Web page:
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Minyan Mailbag: What's the Product?


Old habits die hard.


Hi Vitaliy-

Thanks for the article "
Newspapers Look Flimsy in a Digital World." It's hard to disagree with the general thesis, for sure, and I know Buffett reportedly asked rhetorically not long ago as a way of saying he didn't see value there, if the Internet existed 100 years ago, would anyone ever have started a newspaper?

That said, there are two potential ways the stocks get vindicated: First, the financial engineers at LBO shops who are willing to lever up the slowly (for now) declining cash flows in hopes of raising margins and making an exit in a few years. And, second, buyers of trophy assets. The latter issue points to why the name-brand publishers - mostly Dow Jones (DJ) and New York Times (NYT) - trade at premiums. (Washington Post (WPO) is really supported by the Kaplan business.) Just look at the absurd bidding war by moguls with too much money for New York magazine recently. This mag hasn't turned a profit in its history and ego buyers went nuts for it. (Wasserstein won.)

The other reason for the premium (for now) is that these papers rely on national, branding-oriented ads that are less susceptible (for the moment) to being overtaken by Google or Craigslist than are the classifieds that smaller papers rely on. I'd also note that the WSJ and NYT are among the handful of media outlets to have either a lot (DJ), or at least some (NYT), success in getting people to pay for content. If the's 700,000 subs overtake the Journal's 2 million readers at 1.2 million in a couple years, this company has huge problems. If it happens at 1.6 million in six years, then we have a decent new business model.

The key point is to figure out whether the distribution mechanism (a pile of inky paper on the porch every morning) is the product, or whether the information and analysis itself is the product. I think you can guess what I think is the answer, though I concede that it's a huge challenge to escape the information commodity trap. It's simply necessary to be smarter, broader and deeper than Easier said than done. But the need for powerful, deftly edited, properly synthesized content only gets greater with info-proliferation.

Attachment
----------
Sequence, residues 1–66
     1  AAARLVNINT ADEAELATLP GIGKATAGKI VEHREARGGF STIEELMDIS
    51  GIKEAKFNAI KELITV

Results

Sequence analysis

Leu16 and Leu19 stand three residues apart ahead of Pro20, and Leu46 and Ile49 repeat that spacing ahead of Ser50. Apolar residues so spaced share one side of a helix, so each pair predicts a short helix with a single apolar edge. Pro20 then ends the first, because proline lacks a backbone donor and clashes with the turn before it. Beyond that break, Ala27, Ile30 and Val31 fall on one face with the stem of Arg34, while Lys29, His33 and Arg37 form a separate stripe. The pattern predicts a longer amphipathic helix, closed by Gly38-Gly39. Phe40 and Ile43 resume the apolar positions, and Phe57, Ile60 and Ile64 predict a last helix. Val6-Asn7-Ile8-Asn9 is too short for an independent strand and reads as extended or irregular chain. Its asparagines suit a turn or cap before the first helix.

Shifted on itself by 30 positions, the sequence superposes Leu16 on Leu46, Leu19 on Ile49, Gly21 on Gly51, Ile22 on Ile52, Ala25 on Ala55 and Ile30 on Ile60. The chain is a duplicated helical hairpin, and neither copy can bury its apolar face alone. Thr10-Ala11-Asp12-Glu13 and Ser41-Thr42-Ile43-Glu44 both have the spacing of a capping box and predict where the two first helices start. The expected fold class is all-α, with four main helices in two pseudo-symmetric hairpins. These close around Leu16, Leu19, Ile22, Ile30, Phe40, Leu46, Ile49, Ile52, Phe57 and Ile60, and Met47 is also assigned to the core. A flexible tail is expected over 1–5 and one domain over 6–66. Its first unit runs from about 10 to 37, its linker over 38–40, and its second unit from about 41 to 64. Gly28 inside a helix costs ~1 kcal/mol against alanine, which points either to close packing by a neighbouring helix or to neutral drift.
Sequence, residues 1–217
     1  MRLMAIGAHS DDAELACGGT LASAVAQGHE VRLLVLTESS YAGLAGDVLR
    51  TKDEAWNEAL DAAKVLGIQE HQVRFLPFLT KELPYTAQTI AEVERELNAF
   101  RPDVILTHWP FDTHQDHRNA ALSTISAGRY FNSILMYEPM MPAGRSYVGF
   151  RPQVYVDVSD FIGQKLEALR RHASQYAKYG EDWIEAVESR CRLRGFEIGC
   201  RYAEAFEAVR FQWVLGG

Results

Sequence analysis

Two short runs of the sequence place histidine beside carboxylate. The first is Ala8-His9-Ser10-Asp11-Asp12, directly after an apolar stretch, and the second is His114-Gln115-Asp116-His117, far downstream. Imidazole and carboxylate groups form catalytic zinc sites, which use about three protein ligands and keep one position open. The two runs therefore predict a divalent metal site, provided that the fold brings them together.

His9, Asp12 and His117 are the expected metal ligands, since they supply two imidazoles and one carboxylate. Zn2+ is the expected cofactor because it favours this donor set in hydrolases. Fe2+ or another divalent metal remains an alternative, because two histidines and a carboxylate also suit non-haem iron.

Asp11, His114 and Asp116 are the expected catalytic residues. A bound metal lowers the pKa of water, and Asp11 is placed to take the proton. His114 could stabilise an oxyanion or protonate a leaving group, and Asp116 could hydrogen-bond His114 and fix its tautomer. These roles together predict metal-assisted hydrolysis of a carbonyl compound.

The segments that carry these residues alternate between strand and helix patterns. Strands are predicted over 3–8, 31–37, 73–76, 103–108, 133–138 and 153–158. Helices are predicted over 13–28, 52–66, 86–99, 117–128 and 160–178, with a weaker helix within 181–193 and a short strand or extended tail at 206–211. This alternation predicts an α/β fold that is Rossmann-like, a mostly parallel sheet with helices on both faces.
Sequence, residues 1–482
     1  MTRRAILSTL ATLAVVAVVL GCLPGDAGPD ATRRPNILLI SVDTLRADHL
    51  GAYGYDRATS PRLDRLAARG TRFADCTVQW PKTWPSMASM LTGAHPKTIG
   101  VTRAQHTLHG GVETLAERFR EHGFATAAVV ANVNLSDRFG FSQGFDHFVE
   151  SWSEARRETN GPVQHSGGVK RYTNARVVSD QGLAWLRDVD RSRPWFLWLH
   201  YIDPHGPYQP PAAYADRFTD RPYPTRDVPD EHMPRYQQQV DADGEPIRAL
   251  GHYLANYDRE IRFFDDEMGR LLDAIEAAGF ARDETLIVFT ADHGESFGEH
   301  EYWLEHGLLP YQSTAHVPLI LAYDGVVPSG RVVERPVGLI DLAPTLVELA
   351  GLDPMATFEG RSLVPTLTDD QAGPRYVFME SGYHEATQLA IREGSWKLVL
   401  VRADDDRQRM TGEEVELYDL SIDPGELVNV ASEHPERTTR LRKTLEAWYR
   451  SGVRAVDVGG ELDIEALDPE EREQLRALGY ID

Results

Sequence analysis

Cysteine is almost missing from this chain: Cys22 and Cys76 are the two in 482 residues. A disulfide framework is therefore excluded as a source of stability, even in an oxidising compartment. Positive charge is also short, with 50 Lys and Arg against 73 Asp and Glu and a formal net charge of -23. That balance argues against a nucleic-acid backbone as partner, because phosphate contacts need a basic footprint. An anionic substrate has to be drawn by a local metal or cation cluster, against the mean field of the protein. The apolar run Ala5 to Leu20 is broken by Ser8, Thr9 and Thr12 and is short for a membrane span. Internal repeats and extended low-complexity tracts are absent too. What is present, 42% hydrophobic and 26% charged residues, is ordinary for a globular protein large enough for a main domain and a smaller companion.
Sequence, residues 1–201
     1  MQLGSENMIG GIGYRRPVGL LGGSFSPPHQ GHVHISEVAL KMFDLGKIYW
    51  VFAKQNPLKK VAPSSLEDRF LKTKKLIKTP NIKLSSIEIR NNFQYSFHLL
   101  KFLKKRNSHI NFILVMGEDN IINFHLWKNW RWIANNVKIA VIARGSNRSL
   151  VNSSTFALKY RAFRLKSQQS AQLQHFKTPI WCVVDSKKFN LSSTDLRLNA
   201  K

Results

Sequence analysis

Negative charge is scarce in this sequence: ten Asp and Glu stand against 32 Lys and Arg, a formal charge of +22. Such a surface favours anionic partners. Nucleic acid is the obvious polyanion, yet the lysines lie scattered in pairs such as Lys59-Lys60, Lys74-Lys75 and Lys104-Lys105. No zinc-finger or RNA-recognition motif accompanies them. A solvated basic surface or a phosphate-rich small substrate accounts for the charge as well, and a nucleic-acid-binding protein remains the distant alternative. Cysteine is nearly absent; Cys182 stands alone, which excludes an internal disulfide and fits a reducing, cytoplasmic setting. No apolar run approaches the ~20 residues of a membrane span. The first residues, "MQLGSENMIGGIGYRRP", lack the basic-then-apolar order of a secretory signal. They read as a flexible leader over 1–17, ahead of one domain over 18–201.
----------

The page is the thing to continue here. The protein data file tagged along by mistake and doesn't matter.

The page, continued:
One amusing side note on paper vs. electronic distribution: Barron's readership is quite elite in wealth and education, but quite set in its ways. Every time we remove a statistic or feature from the print version to save space and put it online for free, we hear loud, urgent complaints. Some oddballs want the ink on their fingers and the paper on the toilet tank, apparently.

Hope all's well-

MInyan Michael Santoli


Thank you for a great response - that could be a Barron's article in itself. I'm sorry I could not reply sooner, I was traveling.

I agree old habits die hard and that is largely why the newspaper industry did not go away when a more efficient way of delivering information came around. One thing is for sure, Barron's is not read because it breaks news; it is read for its GREAT editorial content.

That was a great comment by Warren Buffett, and he is right. Another reason why the newspaper industry was slow to respond to the changing landscape is that it did not have to, as it could mask the problems of (slowly) declining circulation by raising prices. Well, they can raise prices only so much.

Best regards,


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